Light Rail Line May Not Have Moved Forward Without Support From Developers, Daily News Says

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Rendering of a possible BQX streetcar line near the Atlantic Terminal in downtown Brooklyn. (Courtesy: Friends of the Brooklyn Queens Connector)

An investigation by the Daily News is charging that the de Blasio administration initiated the planning of the BQX Connector streetcar line after several developers with projects on its possible route gave cash to a non-profit fund affiliated with the mayor.

The Daily News reports that seven developers donated a total of $245,000 to Mayor de Blasio’s now-defunct Campaign for One New York, prior to his February 2016 announcement that the City planned to build the 16-mile, $2.5 billion BQX Connector. The new streetcar will run parallel to the waterfront, from Astoria, Queens all the way down to Sunset Park, Brooklyn.

The BQX is supposed to be operational by 2024. The last light rail line in New York City — one of Brooklyn’s many streetcars — stopped running in 1956.

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In Brooklyn, the BQX connector will pass through — or near — Greenpoint, Williamsburg, Fort Greene, the Navy Yard, Vinegar Hill, DUMBO, Brooklyn Heights, Downtown Brooklyn, Cobble Hill, Gowanus, Red Hook and Sunset Park. The City maintains that increased property values along its route will generate sufficient tax revenue to pay for the line’s construction.

The de Blasio administration estimated last month that the BQX annual operating costs will be $30 million, but that the streetcar line will create $25 billion in economic gain over the next 30 years through new construction jobs, small business growth and tax revenue.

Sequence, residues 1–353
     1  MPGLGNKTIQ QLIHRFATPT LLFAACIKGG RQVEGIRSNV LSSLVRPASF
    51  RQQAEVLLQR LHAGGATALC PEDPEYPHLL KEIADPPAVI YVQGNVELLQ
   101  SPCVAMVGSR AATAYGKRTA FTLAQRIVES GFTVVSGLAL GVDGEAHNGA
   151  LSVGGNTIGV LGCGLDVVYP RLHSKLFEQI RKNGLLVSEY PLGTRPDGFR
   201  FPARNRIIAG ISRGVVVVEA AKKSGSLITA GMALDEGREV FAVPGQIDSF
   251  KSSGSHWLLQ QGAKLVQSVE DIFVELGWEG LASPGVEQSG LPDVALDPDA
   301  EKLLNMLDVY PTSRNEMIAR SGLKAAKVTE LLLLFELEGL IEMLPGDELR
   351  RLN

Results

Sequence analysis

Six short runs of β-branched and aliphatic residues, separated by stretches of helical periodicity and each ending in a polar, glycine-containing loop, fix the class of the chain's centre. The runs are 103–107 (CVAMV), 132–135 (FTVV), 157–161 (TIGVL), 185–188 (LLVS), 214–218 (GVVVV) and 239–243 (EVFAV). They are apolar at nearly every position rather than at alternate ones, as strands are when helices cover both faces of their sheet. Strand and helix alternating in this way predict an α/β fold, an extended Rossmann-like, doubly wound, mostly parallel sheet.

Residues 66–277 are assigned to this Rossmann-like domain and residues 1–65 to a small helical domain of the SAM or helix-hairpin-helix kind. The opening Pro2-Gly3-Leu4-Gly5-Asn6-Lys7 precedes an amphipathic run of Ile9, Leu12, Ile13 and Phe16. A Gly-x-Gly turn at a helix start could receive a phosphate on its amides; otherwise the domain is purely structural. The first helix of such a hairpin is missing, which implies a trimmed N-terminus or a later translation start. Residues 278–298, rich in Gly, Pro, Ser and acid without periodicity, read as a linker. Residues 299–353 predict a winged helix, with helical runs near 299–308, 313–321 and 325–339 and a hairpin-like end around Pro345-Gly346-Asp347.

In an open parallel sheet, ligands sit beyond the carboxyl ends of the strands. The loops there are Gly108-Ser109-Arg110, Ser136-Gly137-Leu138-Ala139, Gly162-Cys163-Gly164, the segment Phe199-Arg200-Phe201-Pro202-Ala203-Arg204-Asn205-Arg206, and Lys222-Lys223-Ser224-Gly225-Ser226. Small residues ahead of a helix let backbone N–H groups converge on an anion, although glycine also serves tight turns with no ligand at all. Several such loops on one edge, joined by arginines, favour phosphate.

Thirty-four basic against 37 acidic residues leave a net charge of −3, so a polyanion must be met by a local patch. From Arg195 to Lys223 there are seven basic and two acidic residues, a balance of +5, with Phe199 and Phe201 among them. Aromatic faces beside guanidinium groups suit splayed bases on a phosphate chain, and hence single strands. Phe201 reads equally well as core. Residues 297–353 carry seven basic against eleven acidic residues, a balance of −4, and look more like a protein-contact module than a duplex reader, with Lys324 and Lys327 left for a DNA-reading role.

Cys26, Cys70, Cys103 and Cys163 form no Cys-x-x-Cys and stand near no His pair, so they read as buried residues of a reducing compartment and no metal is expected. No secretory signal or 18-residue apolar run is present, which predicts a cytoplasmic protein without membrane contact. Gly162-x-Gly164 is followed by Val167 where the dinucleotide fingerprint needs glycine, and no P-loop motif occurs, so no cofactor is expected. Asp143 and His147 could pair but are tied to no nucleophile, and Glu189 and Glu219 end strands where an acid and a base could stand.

The Daily News says that the following developers/landowners donated to the Campaign for One New York in the first half of 2015, and that all stand to benefit from the access provided by the BQX. Steiner Studios was the apparent exception, making its donation this January.

  • Jed Walentas, Two Trees Management, Domino Sugar Factory multi-use project, donation: $100,000
  • Park Tower Group, co-developer with Brookfield Properties of Greenpoint Landing housing complex, donation: $50,000
  • Brookfield Properties, co-developer of Greenpoint Landing complex, donation: $50,000 
  • Toll Brothers, Pierhouse hotel and condos at Brooklyn Bridge Park, donation: $25,000
  • RAL Development, builder of two “luxury and affordable housing towers” on Furman St. in downtown Brooklyn, donation: $10,000 
  • Alma Realty, Astoria Cove complex, donation: $5,000
  • Steiner Studios, located near a possible BQX stop at the Brooklyn Navy Yard, donation: $5,000

The News also reports that Walentas has been a major advocate for the BQX since 2014, and that he created a nonprofit called Friends of the Brooklyn Queens Connector in February, 2015. Walentas made his $100,000 donation through a limited liability corporation, which initially obscured his identity, the News claims.

The BQX is not just supported by developers, however. In addition to Walentas, Friends of the Brooklyn Queens Connector’s executive committee includes Jill Eisenhard of the Red Hook Initiative, Paul Steely-White of Transportation Alternatives, and Tom Wright of the Regional Plan Association.